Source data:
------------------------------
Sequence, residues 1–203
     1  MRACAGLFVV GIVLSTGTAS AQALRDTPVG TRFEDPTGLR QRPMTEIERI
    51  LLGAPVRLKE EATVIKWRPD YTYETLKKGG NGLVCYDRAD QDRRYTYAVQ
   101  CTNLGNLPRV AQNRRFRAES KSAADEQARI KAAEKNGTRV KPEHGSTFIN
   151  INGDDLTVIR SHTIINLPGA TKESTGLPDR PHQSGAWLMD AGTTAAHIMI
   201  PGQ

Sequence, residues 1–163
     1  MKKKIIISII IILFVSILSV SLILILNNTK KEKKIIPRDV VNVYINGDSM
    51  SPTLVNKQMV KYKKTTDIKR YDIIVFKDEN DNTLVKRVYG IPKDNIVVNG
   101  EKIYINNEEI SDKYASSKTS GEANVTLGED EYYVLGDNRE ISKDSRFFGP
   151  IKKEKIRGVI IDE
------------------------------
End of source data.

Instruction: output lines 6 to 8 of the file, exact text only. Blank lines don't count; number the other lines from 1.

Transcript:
   201  PGQ

Sequence, residues 1–163
     1  MKKKIIISII IILFVSILSV SLILILNNTK KEKKIIPRDV VNVYINGDSM